If such a development is to be avoided, the fight against it must have as its strategic goal not a period of stable democratic capitalist development, but the overthrow of capitalism and the establishment of a workers’ and farmers’ government committed to socialist development and the internationalisation of the revolution to create a Federation of Workers’ States of South Asia.

The twists and turns of the JVP
The Janath Vimukthi Peramu  [JVP], is a product of the decay of the Stalinist movement after the split between Beijing and Moscow in the early Sixties. Its founder, Rohana Wijeweera, was influenced by both Mao and Guevara and developed a strategy in which a new party, the Communist Party of Sri Lanka (Bolshevik) would mobilise the youth of the majority Sinhalese community via this militarised political front organisation.
The name, which means National Liberation Movement, expressed Wijeweera’s belief that imperialism was planning to re-assert control via an Indian invasion supported by the “Indian Tamils”, that is the descendants of those transported from India by the British to work the tea plantations.
The JVP was presented as the revolutionary alternative to the “old left”, the Lanka Sama Samaj Party, LSSP, (Fourth International) and the Communist Party, that had entered into coalition government with Sirimavo Bandaranaike of the Sri Lanka Freedom Party, SLFP, in 1964.
By 1971, Wijeweera was ready to implement his strategy. The rising began on April 5th (to honour the Paris Commune of 1871) but was crushed with ferocious barbarity by the Bandaranaike government, leaving as many as 20,000, mostly youthful, fighters dead, and as many again interned.
The terrible defeat prompted a revision of the JVP’s strategy. It criticised its previous positions as “Menshevik”. The new General Secretary, Lionel Bopage, supported the right of self-determination of the Tamils and the party oriented towards the urban working class as well as the rural masses. In the late Seventies, it collaborated, briefly, with the Neva Sama Samaj Party, NSSP, the re-formed Fourth International section and other Left forces but then turned against them in the general strike of 1980, thus assisting the government in breaking the strike.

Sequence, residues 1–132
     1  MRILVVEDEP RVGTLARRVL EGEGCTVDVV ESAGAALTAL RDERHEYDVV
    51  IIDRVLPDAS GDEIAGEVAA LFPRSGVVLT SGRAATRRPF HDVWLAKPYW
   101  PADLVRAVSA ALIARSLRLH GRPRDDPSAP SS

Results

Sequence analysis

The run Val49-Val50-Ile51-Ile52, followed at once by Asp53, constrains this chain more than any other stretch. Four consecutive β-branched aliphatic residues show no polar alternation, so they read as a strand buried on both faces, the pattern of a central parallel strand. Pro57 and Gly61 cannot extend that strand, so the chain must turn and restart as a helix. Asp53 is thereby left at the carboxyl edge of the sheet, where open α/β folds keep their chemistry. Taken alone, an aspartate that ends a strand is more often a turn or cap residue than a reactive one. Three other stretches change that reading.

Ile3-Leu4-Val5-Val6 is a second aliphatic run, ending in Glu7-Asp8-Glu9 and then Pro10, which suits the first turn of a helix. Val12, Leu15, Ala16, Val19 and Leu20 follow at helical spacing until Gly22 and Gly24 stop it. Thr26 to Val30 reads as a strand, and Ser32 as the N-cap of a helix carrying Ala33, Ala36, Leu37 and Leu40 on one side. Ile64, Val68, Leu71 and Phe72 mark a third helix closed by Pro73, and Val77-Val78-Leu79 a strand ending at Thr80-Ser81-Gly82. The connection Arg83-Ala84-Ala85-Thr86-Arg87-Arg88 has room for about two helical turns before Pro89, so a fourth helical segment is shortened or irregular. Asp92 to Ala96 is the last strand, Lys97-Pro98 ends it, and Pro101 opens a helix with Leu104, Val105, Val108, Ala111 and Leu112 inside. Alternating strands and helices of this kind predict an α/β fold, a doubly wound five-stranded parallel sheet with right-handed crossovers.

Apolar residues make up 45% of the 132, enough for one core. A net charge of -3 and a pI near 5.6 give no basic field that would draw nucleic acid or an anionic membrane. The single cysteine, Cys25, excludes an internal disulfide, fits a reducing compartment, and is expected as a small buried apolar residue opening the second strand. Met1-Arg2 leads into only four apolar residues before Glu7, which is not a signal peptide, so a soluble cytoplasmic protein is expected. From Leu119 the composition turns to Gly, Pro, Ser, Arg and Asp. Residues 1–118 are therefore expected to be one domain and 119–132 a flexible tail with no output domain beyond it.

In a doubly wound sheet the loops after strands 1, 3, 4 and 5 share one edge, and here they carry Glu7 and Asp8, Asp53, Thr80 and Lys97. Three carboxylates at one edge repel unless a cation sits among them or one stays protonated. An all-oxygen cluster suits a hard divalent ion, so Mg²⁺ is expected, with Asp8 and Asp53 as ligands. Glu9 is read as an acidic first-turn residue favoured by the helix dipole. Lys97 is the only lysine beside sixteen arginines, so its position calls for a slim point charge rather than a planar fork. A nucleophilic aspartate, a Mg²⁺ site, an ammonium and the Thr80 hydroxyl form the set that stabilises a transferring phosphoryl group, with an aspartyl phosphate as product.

In 1983, the JVP participated in communal riots that led to the UNP government banning all the Left parties. The JVP responded by turning to guerrilla warfare against the “threat” of Indian occupation and against the Left who supported the Tamils’ rights. Some 60,000 died in their campaign, which only ended when state forces liquidated virtually the entire JVP leadership; reputedly only one of whom survived.
Once again, a new leadership adopted a new strategy; a turn to electoral politics and alliances and renewal of working class organisations. During the Nineties, this slowly revived the party’s fortunes. Once again, Sinhala chauvinism was the principal policy against a UNP government that was prepared to strike a deal with the bourgeois Tamil forces and India against the separatism of the Tamil Tigers.
In the elections of 2001, the JVP won 16 seats. In April 2004, it won 39 as part of an alliance with President Chandrika Kumaratunga’s SLFP. In the Presidential election of 2005, it backed Mahinda Rajapakse of the SLFP on an anti-Tamil programme. When Rajapakse won that election, the JVP were rewarded with four cabinet posts and enthusiastically supported the most barbaric offensive against the North and East, which were under the control of the Tamil Tigers.
Bizarre as it might seem, there were many within the party, including in the politburo, who still saw participation in government as a prelude to revolution. Despite the Sinhala chauvinism, collaboration with Rajapakse was not popular with working class JVP supporters. To retain their support, the party began to distance itself and, in April 2008, instructed its parliamentary fraction to vote against the Budget in order to force a general election.
However, 10 JVP MP’s disobeyed and kept Rajapakse in office. This overt split led the party to support the Head of the Army, Sarath Fonseka, when he proposed to stand against Rajapakse in the Presidential election of 2009. This was completely thwarted by the arrest and imprisonment of their new found ally. The final act in the drama was the annihilation of the JVP in the parliamentary elections of April 2010 when they lost 70% of their seats.
It was against this background that members of the politburo led the split in the JVP that resulted in some 5,000 leaving to form the Movement for People’s Struggle, MPS.